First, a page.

Do Admissions Committees Really Look at Your Social Media?

Do Admissions Committees Really Look at Your Social Media?

How often have you heard someone use the phrase, “Google it”? I’d guess pretty frequently. Now imagine – what if the admissions committee googled you?

Now days, there is the paper application, the interview, and then, depending on the institution, the Internet search. We know you said you were a star athlete – but is there proof of that online? Have people been writing articles about you? Is there more information about that one activity you were involved in?

Before social media came along, no one thought to look up applicants online. Now, several interviewers do it, partly out of curiosity, and sometimes out of a desire to be thorough. These days, it would not be surprising if Twitter, Facebook, and Instagram accounts pop up among your publications and athletic records. While on the surface that may not matter, it could still hurt your chances of getting into your dream schools if you’re not careful.




A 2013 New York Times article reviewing social media and college applications found that some universities indeed have rejected students on the basis of their social media posts. What makes medical school different? Nothing. In fact, some medical school deans state that students SHOULD assume that schools look up students. After all, there are usually medical students on those admissions committees, and they aren’t much older or any less tech savvy than you are

Social media itself isn’t necessarily going to hurt you – just be aware, and think about how you would perceive a post if you were on the admissions committee. Below are some high yield tips for how to avoid any social media based rejections.


Here's looking at your profile way too late at night, kid.


1. Change your privacy settings.

Make sure that people cannot see your photos/tweets unless they are someone you know.


2. Have control over your content.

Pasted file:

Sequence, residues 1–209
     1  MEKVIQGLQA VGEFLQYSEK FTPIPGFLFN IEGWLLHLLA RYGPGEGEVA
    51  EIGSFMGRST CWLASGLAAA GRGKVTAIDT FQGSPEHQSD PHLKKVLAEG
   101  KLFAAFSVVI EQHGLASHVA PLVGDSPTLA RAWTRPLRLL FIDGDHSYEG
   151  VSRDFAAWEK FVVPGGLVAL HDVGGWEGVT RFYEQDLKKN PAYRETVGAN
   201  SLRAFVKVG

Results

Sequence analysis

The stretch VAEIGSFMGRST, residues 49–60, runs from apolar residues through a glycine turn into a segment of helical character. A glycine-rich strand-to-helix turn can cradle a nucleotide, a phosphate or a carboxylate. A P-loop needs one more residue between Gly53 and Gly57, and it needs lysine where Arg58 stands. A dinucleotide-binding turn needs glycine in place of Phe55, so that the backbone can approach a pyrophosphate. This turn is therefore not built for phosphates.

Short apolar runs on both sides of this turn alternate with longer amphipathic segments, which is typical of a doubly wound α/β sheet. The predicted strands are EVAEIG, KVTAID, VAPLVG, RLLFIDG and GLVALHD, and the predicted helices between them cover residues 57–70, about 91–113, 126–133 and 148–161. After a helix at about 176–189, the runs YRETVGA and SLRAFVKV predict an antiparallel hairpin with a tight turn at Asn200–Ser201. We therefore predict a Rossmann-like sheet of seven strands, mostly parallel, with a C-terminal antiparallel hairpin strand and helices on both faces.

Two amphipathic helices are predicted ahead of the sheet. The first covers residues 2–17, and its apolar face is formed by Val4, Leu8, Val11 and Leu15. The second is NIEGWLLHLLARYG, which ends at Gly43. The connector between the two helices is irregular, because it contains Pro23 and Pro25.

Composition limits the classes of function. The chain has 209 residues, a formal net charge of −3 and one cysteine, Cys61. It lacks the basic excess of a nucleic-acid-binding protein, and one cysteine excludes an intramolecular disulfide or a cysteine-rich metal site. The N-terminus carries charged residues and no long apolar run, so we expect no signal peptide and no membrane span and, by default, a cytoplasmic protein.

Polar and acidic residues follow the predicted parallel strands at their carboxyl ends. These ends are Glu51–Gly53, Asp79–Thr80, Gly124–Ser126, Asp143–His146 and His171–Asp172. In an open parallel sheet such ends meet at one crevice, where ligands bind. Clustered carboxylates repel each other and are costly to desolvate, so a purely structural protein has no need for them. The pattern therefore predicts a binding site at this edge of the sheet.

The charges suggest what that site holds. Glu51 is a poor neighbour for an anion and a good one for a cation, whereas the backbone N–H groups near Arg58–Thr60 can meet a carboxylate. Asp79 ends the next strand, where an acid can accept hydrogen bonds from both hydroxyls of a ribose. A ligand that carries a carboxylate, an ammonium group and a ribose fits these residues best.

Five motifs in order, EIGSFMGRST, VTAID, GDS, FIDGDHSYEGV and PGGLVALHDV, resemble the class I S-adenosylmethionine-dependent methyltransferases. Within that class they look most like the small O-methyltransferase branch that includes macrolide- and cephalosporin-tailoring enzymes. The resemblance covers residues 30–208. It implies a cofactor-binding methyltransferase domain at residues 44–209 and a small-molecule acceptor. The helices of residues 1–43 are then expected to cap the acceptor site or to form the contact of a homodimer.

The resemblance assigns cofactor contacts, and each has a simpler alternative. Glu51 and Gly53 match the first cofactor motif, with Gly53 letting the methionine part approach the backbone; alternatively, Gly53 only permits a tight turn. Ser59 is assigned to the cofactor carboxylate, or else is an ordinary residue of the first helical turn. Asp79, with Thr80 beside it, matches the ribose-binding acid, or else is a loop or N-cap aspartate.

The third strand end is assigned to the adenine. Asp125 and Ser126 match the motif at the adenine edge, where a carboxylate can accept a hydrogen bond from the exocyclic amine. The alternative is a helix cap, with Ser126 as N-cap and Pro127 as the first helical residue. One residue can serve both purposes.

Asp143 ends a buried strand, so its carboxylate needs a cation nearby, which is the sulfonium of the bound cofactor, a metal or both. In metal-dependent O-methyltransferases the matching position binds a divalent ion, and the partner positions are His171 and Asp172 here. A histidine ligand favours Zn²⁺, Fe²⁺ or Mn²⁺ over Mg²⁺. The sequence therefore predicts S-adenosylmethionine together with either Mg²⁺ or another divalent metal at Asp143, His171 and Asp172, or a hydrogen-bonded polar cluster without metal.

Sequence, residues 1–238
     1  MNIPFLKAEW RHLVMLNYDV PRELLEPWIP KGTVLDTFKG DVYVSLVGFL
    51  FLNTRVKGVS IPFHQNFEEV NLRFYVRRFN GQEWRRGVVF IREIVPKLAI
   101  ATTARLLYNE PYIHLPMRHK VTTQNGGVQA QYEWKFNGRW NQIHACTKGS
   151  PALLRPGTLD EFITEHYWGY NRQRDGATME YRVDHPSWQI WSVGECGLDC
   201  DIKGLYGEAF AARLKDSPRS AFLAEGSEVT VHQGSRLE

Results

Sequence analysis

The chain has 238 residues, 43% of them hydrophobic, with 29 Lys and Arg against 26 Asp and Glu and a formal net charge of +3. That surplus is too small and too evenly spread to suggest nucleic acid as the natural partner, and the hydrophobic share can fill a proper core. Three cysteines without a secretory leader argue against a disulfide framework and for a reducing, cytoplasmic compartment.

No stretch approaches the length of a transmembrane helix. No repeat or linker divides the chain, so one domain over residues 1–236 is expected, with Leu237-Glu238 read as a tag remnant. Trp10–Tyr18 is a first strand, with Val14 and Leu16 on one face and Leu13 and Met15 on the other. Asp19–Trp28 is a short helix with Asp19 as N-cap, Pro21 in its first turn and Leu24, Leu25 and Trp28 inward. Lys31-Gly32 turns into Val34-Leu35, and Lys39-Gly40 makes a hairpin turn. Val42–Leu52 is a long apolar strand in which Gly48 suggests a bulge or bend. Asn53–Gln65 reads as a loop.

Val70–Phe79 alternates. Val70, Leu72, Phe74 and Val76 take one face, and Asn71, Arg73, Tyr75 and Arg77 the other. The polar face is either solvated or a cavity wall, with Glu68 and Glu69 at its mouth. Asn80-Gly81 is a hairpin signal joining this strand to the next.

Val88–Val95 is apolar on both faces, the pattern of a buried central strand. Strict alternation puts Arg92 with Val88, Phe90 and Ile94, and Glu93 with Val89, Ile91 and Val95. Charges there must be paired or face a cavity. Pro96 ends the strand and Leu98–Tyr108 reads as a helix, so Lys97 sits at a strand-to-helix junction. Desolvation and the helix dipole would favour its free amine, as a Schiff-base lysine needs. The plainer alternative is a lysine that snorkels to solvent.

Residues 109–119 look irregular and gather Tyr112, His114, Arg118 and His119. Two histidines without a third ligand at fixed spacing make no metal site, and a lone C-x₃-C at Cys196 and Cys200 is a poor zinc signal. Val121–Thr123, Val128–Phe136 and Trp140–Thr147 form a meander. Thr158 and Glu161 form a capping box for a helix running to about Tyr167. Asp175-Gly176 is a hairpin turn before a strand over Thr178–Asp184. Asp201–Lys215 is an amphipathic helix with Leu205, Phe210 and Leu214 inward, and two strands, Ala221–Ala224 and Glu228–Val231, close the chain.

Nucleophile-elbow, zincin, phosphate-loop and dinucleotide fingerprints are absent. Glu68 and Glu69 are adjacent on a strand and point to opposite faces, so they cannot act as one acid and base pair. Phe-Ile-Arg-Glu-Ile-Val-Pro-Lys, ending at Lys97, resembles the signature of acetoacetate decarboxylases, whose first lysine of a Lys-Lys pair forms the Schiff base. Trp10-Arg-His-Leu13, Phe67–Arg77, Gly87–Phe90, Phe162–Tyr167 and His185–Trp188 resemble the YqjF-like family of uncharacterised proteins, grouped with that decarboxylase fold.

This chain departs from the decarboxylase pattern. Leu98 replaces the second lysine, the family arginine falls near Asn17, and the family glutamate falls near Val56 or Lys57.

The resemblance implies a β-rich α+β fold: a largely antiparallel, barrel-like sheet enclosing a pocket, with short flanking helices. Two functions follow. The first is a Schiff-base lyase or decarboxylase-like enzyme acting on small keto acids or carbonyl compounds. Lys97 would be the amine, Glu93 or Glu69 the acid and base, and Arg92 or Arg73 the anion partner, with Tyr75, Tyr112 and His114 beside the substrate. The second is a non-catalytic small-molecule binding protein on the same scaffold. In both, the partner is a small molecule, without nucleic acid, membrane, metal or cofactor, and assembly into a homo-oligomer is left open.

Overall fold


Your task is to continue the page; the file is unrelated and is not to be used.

Change your settings so that you have to approve any comments, check-ins, or tags so that no one (but you) can muddy up your social media account.


3. Avoid posting content with very strong political/religious views.

While having strong personal beliefs is fine, you aren’t there when people from the admissions committee are looking through your Facebook to assure them that you are (1) open-minded and (2) not inflexible. You cannot control how someone interprets what you say, but you can control what you say in the first place.


4. Post with your goals in mind.

This may seem obvious, but don’t post photos of yourself where you are obviously intoxicated/at a crazy party. You’re applying for medical school, where “professionalism” is an important part of the curriculum. Therefore, ensure that your photos are, at the least, not unprofessional. (Another way to think about this – patients probably search their doctors.)


5. Ask yourself: Would I be comfortable to discuss this in my interview?

Use common sense – don’t post anything that you would be embarrassed to discuss in an interview. If an interviewer were to ask you about that family photo your mom tagged you in last week, you’d probably be comfortable talking about it. If an interviewer asked you about your tweet saying “omg school sux cant wait to be done, hate my teacher” that would probably be awkward.


6. Deactivate your accounts.

While this sounds extreme, it ensures that you don’t have to worry about photos, posts, or pretty much anything else. This is what I did when applying to both college and medical school. To be honest, it seemed easier than carefully policing my social media platforms.





Most people don’t have social media that needs careful curating. The likelihood is that if you have come far enough to apply to medical school, you have figured out that your social media presence can affect peoples’ impressions of you.

That being said, it is often better to be safe than sorry. And in reality, there is very little on your Facebook or Twitter that would tip an admission committee’s hand to accept you, but there is a lot that might make them decide that you would not be a good fit for their program.  Don’t let a few Facebook posts or one errant tweet ruin years of hard work and a carefully crafted resume.

Good luck.


Do you have your own social media best practices? Share them in the comments below!






Ruchi Doshi

Medical School Expert & Consultant at
Ruchi studied at Rice University before attending Johns Hopkins University School of Medicine and Johns Hopkins Bloomberg School of Public Health for her MD and MPH. In between medical school advising and her extracurricular activities, you can find Ruchi trying out coffee and pastries in Baltimore!

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